Climate change

Teaching Climate Change Blog Gets National Recognition

A blog of a Kapiʻolani community college The professor received an honorable mention for the John Lovas Award for an outstanding online project largely devoted to academic pursuits. The Lovas Prize is awarded annually by Kairos at a conference on computing and writing.

Krista Hiser
Krista Hiser

by Krista Hiser Blog, “Teaching Climate Change Field Notes”, is part of an official research study by the University of Hawaii Office of Sustainability, which worked to understand what teachers think, feel and do about teaching climate change in their classrooms.

“John Lovas was an inspirational influence on my scholarship forms – I applied for a tenure-track position at a community college, based on the model of John’s long career at De Anza College,” said said Hiser. “I am humbled and humbled to be recognized for this award, and hope it can help raise awareness about the pressing topic of teaching climate change in higher education.”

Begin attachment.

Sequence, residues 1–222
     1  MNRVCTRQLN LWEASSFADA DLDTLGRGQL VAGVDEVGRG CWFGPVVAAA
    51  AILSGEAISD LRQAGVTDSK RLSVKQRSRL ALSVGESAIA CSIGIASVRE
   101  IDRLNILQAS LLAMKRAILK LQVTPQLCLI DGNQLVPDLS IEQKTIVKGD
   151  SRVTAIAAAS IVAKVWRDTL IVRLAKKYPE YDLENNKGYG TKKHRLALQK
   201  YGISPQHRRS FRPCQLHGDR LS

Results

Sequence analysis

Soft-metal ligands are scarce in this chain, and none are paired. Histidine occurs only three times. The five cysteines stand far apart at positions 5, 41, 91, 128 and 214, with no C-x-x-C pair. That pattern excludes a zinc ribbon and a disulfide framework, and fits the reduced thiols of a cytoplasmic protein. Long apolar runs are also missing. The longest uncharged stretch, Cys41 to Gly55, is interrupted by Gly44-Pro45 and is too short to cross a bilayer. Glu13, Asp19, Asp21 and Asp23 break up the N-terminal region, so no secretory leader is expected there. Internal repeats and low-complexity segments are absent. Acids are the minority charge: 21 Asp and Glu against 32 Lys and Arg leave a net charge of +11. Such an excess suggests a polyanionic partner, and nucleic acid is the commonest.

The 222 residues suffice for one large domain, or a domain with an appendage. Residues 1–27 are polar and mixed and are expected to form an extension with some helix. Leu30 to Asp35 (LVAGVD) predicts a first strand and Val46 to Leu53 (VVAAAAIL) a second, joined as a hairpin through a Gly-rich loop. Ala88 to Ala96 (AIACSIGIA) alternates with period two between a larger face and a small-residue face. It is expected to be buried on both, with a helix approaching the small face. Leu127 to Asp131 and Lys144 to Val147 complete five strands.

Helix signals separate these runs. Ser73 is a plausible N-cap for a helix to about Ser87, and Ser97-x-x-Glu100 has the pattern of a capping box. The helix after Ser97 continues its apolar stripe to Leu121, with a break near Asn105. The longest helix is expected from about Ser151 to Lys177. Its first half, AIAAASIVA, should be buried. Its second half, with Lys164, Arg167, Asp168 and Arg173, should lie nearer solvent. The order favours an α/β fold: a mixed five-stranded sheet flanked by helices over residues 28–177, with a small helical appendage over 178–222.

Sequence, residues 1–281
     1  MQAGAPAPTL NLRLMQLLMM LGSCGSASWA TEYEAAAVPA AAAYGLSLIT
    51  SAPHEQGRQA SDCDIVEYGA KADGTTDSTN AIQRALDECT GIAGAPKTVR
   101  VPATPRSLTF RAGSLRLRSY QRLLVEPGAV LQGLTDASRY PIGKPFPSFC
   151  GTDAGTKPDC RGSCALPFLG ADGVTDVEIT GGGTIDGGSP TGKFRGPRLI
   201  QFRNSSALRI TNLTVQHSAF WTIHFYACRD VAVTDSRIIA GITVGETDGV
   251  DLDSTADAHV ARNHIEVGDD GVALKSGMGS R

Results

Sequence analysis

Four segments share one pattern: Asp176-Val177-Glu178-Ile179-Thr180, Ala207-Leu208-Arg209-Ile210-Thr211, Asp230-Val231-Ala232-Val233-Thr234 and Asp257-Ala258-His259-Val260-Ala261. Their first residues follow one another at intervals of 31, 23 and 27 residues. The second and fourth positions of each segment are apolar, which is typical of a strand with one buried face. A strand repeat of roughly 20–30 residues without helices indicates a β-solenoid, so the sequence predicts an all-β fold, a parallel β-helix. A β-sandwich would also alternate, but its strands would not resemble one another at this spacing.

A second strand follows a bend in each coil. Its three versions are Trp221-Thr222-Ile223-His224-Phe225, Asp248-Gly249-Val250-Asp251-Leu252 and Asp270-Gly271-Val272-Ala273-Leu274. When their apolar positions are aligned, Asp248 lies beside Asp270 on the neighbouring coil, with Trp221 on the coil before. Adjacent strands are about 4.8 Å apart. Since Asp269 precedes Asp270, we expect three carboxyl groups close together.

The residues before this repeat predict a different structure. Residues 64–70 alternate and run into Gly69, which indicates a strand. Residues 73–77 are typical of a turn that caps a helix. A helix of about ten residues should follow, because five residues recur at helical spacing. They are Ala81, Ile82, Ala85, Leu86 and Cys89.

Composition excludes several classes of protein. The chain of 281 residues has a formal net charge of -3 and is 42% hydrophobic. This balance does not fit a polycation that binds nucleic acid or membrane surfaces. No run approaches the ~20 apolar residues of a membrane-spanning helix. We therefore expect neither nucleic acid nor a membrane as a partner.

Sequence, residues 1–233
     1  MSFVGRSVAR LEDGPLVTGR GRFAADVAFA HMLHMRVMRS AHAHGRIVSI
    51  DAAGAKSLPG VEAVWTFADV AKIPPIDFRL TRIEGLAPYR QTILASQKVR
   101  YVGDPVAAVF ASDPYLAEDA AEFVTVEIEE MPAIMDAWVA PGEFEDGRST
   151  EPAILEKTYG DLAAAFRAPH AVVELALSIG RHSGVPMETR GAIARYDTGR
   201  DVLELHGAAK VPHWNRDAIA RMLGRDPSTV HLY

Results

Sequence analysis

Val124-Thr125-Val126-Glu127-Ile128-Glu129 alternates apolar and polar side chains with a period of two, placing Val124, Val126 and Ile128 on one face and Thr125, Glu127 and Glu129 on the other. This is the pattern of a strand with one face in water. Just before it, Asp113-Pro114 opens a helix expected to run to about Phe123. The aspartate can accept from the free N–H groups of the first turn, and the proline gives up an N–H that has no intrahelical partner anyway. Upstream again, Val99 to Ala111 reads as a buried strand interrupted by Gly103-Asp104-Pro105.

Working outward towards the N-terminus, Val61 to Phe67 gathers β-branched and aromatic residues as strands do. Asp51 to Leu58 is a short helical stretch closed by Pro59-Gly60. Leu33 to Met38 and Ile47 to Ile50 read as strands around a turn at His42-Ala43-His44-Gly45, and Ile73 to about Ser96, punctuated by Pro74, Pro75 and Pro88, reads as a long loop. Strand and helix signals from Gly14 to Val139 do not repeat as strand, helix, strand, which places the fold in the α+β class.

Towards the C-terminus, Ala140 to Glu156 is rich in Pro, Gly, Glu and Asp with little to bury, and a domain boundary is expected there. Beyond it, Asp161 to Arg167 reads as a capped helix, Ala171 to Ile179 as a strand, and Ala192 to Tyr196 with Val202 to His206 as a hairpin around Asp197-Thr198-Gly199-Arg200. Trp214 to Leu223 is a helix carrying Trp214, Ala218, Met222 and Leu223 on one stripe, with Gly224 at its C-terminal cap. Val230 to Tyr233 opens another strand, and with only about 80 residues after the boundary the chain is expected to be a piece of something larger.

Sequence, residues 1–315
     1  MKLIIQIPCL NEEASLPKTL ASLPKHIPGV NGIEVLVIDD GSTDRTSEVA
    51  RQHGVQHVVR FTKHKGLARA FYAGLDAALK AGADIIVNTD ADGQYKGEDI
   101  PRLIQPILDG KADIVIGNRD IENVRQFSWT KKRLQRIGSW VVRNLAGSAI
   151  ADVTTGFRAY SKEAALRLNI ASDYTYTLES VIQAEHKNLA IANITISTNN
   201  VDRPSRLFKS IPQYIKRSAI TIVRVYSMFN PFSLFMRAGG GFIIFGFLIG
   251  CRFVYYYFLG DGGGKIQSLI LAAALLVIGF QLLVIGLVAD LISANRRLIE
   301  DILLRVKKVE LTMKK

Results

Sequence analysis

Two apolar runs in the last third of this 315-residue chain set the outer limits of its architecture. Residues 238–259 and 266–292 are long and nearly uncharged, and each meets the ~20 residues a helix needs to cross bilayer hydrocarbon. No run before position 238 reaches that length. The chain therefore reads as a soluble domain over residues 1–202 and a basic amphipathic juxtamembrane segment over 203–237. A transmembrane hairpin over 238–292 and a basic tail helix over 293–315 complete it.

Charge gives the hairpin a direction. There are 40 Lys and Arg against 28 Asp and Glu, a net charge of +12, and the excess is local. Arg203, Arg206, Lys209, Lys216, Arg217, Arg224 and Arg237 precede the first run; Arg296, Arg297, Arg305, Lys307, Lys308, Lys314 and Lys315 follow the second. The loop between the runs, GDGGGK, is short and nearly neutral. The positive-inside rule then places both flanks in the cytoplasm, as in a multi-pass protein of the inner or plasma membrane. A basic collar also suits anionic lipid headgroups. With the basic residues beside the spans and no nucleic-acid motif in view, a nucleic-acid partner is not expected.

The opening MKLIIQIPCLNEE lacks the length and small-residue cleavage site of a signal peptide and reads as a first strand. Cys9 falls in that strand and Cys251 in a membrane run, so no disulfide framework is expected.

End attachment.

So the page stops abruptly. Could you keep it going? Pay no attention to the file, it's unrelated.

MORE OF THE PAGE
Each post describes a different scholar and how they are addressing the challenges of teaching climate change across academic disciplines. Each blog post is associated with a formal interview, which has been transcribed for qualitative analysis. Then, Hiser writes an anonymous public message just to see what ideas and associations come up.

people around a pink boat with "Tell the truth"
A sentiment I agree with, from Extinction Rebellion. (Photo credit: Pixabay)

The blog can also help professors learn from their peers’ approaches to sustainability and climate change.

Interview subjects include: two climatologists, a biologist, an artist, an economist, a philosopher, an environmental historian, a sociologist, and several other scholars in four-year programs and community colleges within and outside Hawaii. The blog has been very well received by several academic networks.